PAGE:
Choosing wavelet methods, filters, and lengths for functional brain network construction

Zitong Zhang, Qawi K. Telesford, Chad Giusti, Kelvin O. Lim, Danielle S. Bassett

Research output: Contribution to journalArticlepeer-review

46 Scopus citations

Abstract

Wavelet methods are widely used to decompose fMRI, EEG, or MEG signals into time series representing neurophysiological activity in fixed frequency bands. Using these time series, one can estimate frequency-band specific functional connectivity between sensors or regions of interest, and thereby construct functional brain networks that can be examined from a graph theoretic perspective. Despite their common use, however, practical guidelines for the choice of wavelet method, filter, and length have remained largely undelineated. Here, we explicitly explore the effects of wavelet method (MODWT vs. DWT), wavelet filter (Daubechies Extremal Phase, Daubechies Least Asymmetric, and Coiflet families), and wavelet length (2 to 24) - each essential parameters in wavelet-based methods - on the estimated values of graph metrics and in their sensitivity to alterations in psychiatric disease. We observe that the MODWT method produces less variable estimates than the DWT method. We also observe that the length of the wavelet filter chosen has a greater impact on the estimated values of graph metrics than the type of wavelet chosen. Furthermore, wavelet length impacts the sensitivity of the method to detect differences between health and disease and tunes classification accuracy. Collectively, our results suggest that the choice of wavelet method and length significantly alters the reliability and sensitivity of these methods in estimating values of metrics drawn from graph theory. They furthermore demonstrate the importance of reporting the choices utilized in neuroimaging studies and support the utility of exploring wavelet parameters to maximize classification accuracy in the development of biomarkers of psychiatric disease and neurological disorders.

Original languageEnglish (US)
Article numbere0157243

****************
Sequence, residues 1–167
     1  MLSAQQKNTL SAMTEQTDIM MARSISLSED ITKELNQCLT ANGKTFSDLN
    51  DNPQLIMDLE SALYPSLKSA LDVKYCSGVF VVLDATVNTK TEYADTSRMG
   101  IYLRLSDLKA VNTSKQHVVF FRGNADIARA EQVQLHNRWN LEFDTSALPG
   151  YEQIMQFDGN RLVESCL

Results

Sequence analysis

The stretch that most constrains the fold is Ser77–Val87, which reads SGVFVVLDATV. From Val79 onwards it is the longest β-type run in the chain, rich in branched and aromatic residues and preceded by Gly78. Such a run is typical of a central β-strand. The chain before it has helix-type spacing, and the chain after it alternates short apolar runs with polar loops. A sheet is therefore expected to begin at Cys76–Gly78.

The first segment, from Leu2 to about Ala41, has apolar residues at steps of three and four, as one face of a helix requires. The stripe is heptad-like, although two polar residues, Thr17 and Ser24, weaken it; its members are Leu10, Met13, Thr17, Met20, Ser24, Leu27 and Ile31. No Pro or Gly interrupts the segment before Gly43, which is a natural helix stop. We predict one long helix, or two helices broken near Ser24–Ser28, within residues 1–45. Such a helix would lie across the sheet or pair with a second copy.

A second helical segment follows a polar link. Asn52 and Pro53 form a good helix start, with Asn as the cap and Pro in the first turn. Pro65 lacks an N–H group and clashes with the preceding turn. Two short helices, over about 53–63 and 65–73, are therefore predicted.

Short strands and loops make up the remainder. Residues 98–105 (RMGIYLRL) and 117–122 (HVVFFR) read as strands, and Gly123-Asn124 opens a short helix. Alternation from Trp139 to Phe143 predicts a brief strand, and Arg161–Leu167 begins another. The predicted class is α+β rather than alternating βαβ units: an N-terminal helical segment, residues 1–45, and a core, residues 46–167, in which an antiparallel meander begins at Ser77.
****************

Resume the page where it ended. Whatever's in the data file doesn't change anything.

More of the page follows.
JournalPloS one
Volume11
Issue number6
DOIs
StatePublished - Jun 2016

Bibliographical note

Funding Information:
This work was supported by the John D. and Catherine T. MacArthur Foundation, the Alfred P. Sloan Foundation, the Army Research Laboratory and the Army Research Office through contract numbers W911NF-10-2-0022 and W911NF-14-1-0679, the National Institute of Mental Health (2-R01-DC-009209-11), the National Institute of Child Health and Human Development (1R01HD086888-01), the Office of Naval Research, and the National Science Foundation (BCS-1441502 and BCS-1430087). The funders had no role in study design, data collection and analysis, decision to publish, or preparation of the manuscript. ZZ acknowledges support from the US-China Summer Research Program of the University of Pennsylvania. This work was supported by the John D. and Catherine T. MacArthur Foundation, the Alfred P. Sloan Foundation, the Army Research Laboratory and the Army Research Office through contract numbers W911NF-10-2-0022 and W911NF-14-1-0679, the National Institute of Mental Health (2-R01-DC-009209-11), the National Institute of Child Health and Human Development (1R01HD086888-01), the Office of Naval Research, and the National Science Foundation (BCS-1441502, BCS-1430087, and PHY-1554488). The funders had no role in study design, data collection and analysis, decision to publish, or preparation of the manuscript. We thank Sarah Feldt Muldoon for helpful comments on an early version of the manuscript.

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